The three of us walked out of the Ayurvedic center and climbed into the car afraid to touch anything. We had all just spent nearly two hours getting Ayurvedic massages, during which we were drenched from head to toe in fragrant oils. Taking our seats for the ride to the hotel involved us all holding our head slightly forward so as not to leave greasy imprints on the headrests.
The massages themselves were great. We all found them to be incredibly relaxing, for the most part, especially the conclusion, during which they drizzled warm oil down our foreheads, and we fell into some sort of a lucid trance.
The percussion of my head to begin the massage was admittedly a bit unusual, however. In all seriousness, when he started hitting my head, I paused and thought, “what is this helping with?” Fortunately it all got easier from there.
We departed from Kochi this morning on an eastwardly heading, climbing up into the Western Ghat mountains. During school I managed to avoid geography class, so didn’t even really know these mountains were here before this trip, although if I had given it any real thought, I would have suspected the presence of some sort of mountains in Southern India.
As we picked our way, the roads grew less dense, the buildings more sparsely built, and the mountains taller. At some point I looked around at them, thinking back to my trip to Machu Picchu, and the bright green vegetation painting the mountainsides reminded me of my time on the Inca Trail. I suspected, and it was later confirmed, that these peaks are much older, and most of the Sacred Valley of the Incas, the lowest point of my prior expedition, sits at a higher altitude than the tallest peak here.
Three hours into our journey Prema was ready for tea, so we made our first stop. Rather than tea, however, Roopa and I chose the coconut water being sold at the side of the road. With three precise whacks, a slice of the rind had been removed and a refreshing, sweet, and clear liquid was there waiting for me to drop in a straw.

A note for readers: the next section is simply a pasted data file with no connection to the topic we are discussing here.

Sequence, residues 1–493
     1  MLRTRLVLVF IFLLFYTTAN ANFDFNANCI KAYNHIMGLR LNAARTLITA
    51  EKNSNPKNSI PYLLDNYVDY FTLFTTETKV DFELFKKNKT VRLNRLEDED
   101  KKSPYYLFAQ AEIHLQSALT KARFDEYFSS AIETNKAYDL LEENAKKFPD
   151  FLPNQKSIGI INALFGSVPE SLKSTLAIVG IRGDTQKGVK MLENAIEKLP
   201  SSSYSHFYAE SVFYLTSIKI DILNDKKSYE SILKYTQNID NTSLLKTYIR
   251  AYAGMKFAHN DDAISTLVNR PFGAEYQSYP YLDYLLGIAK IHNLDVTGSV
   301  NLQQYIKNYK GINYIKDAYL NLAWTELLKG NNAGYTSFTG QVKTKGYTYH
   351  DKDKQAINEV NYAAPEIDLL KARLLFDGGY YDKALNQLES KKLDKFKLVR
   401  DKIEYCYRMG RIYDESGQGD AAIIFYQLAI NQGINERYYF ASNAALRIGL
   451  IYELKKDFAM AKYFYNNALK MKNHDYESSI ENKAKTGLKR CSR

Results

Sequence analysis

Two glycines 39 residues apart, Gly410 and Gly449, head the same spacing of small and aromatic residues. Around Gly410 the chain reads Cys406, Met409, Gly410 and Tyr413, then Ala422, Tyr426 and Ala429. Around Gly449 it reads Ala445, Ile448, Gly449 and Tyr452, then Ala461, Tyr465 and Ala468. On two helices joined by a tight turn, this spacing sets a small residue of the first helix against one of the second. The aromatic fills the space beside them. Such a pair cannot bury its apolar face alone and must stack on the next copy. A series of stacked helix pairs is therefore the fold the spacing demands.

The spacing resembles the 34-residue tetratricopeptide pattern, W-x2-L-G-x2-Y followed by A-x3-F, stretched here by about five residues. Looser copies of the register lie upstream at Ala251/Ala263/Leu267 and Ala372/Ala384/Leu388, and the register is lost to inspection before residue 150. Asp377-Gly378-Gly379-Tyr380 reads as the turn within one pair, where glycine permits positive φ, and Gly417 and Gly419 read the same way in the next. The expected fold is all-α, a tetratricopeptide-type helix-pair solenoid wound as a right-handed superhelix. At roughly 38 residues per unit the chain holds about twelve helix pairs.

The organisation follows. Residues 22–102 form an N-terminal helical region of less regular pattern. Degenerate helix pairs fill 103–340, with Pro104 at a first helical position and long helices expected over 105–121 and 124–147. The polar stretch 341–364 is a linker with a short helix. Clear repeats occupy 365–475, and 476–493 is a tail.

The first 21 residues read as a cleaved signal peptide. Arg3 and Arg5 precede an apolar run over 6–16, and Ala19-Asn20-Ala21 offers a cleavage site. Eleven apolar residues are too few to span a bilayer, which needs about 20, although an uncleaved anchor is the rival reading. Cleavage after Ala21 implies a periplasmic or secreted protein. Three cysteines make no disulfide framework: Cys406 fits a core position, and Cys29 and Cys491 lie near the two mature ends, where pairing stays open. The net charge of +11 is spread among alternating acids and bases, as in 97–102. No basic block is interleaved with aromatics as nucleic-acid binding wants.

A half hour later, we made another stop, this time at a spice shop. This included a tour of the grounds, with the guide, a botanist studying Ayurveda, pointing out not only various plants growing on the grounds, but also their uses.
I never imagined that cardamom pods came from these little shoots at the bottom of a much larger plant.
I’ve seen coffee before so that wasn’t really new. She pulled a fresh pod off of the plant. I don’t know if I was supposed to, but I ate it. In the end tasted a lot of the things that she plucked to show us. I was curious.
This is young nutmeg. If you can make out the sinuous line, there is a layer of mace covering the nutmeg pod. When ripe, both have culinary and therapeutic uses.
This miniature pineapple is grown exclusively for Ayurvedic purposes. She says it isn’t otherwise edible. I unfortunately didn’t get to taste it.
And this unassuming plant is grown for gynecologic problems. This is the only one of the non-culinary purposes that I remember.
It was a fascinating walk through the garden, with a great deal of back and forth between Roopa, Prema, and the guide. Finally she had led us back to the store where she sold us copious amounts of spices.
She tried to make a few unsuccessful sales, even encouraging me to buy hair darkener (I didn’t go for it). And although none of us remembers agreeing to purchase the intensely fragrant cocoa powder, we found it buried in our bag when we later unpacked and divided up the spoils.